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More grounding for global warming.

More grounding for global warming

Have the increasing levels of carbon dioxide and other "greenhouse' gases in the atmosphere begun to warm the planet yet?

The answer to this question is urgently needed by scientists who are trying to verify climate models predicting that temperatures will rise significantly in the next century due to greenhouse gases (SN:9/14/85, p.170). These gases are thought to trap heat escaping from the earth and send it back to warm the planet. One reason scientists have been uncertain about the answer is that past estimates of global temperatures have been based almost exclusively on readings taken on land, which covers at most 30 percent of the globe.

Now, in the July 31 NATURE, climatologists P.D. Jones, Thomas M. L. Wigley and P.B. Wright present the first comprehensive estimates of global mean surface temperatures that are based on calibrated ocean data as well as on land measurements. "This is a big step forward,' says James Angell at the National Oceanic and Atmospheric Administration's Air Resources Laboratory in Silver Spring, Md. Adds Murray Mitchell, also at the lab, "The importance of this study is that it confirms that we have indeed seen a general warming of the global climate over the last 100 years.'

Records of air and water temperatures have been kept by ships at sea for more than a century. The problem with these marine data, however, is that different measurement techniques of varying degrees of accuracy have been used, and the methods were not always reported.

One group of researchers had attempted to correct these discrepancies by trying to remedy each source of inconsistency individually. But because so much uncertainty is involved with this approach, Jones and his colleagues at the University of East Anglia in Norwich, England, instead corrected the marine data by calibrating them to measurements from nearby spots on land.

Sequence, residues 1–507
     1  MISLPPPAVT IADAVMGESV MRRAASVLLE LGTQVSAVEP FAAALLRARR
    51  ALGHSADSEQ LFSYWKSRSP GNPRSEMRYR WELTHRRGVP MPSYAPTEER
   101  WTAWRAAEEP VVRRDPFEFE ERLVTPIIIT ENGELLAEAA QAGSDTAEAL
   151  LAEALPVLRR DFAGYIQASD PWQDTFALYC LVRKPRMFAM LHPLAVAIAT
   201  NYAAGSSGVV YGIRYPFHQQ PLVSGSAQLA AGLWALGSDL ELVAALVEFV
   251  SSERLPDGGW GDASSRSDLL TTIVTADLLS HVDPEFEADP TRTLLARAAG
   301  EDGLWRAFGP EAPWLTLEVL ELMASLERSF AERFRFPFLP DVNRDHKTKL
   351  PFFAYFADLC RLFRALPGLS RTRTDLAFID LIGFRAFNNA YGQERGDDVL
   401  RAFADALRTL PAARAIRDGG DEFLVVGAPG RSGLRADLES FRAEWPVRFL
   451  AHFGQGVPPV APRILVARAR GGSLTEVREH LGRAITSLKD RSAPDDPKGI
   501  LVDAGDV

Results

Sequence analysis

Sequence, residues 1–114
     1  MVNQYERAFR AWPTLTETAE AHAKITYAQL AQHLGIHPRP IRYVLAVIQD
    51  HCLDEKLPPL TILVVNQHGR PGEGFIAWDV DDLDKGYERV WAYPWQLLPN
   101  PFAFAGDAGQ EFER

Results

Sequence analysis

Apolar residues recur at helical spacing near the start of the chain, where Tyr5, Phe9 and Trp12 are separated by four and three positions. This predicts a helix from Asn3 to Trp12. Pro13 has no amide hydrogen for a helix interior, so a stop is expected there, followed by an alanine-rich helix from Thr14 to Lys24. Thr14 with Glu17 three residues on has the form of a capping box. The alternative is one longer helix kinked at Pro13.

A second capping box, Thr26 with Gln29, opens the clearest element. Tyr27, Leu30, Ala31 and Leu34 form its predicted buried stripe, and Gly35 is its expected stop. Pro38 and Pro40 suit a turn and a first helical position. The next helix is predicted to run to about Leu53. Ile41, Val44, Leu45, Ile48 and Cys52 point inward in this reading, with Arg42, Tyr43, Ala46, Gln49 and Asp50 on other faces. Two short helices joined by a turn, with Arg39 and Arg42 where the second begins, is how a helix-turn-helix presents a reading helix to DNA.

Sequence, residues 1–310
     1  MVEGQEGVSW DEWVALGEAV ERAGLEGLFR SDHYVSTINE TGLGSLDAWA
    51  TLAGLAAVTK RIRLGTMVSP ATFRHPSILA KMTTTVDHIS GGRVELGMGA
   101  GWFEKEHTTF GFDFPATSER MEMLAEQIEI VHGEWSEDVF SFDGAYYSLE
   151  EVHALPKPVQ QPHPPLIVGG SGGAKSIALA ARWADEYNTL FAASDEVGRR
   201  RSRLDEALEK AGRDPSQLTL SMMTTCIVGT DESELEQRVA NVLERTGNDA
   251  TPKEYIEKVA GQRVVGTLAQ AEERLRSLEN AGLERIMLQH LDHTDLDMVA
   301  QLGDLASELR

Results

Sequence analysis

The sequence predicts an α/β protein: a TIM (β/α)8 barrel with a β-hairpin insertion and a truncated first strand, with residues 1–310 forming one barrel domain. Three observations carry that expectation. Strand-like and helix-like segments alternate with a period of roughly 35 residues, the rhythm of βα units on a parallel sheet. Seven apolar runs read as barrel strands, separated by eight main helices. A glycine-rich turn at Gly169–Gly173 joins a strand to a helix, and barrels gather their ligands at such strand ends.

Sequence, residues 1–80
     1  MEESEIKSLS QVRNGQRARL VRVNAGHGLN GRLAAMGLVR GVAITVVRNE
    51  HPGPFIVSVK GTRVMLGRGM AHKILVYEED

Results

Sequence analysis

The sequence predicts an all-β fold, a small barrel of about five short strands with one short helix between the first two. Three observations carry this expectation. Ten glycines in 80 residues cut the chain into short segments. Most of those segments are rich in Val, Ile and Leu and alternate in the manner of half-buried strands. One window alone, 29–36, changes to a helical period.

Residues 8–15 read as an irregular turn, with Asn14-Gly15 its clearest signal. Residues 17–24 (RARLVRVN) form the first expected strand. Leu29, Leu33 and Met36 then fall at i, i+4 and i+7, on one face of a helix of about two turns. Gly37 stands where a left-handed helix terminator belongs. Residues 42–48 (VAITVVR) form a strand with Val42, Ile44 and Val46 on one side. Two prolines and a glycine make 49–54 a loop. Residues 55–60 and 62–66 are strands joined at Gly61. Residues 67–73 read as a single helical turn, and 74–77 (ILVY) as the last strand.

Their new temperature estimates, based on data taken from 1861 through 1984, show a slow warming trend over that period of about 0.7|C--consistent with the temperature changes predicted by greenhouse models. The researchers also note that the three warmest years in their temperature estimates were 1980, 1981 and 1983 and that five of the nine warmest years over the entire record occurred after 1978.

In general, these estimates confirm those based solely on land measurements. The only noteworthy difference is that land data showed a slight decrease in temperature between the late 1930s and 1970s, while the addition of marine data for this period causes the temperature to level off. The lack of growth during this period has puzzled scientists for several years. Jones's group writes that these steady conditions mean either that something is compensating for the greenhouse warming or that the climate system is less sensitive to greenhouse gases than was thought. Mitchell and others, for example, think that volcanic eruptions, which occurred far less frequently in this period than in the previous decades, counteracted greenhouse warming by cooling the atmosphere.

However, Jim Hansen at NASA Goddard Institute for Space Studies in New York City thinks that neither the argument for compensating factors nor that for lower sensitivity is required. He says greenhouse warming could be obscured by natural climate fluctuations of several tenths of a degree every decade or so.

Mitchell observes that for the majority of researchers, the new temperature estimates are "another piece of the puzzle that needs to fall into place before we ask the politicians to take us more seriously than they have. As for the minority who believe that carbon dioxide changes could affect the temperature only a little bit, if at all, I think when they see these data they're going to find that they have less ammunition than they thought they did to support their conservative view.'
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Title Annotation:greenhouse effect
Author:Weisburd, Stefi
Publication:Science News
Date:Aug 9, 1986
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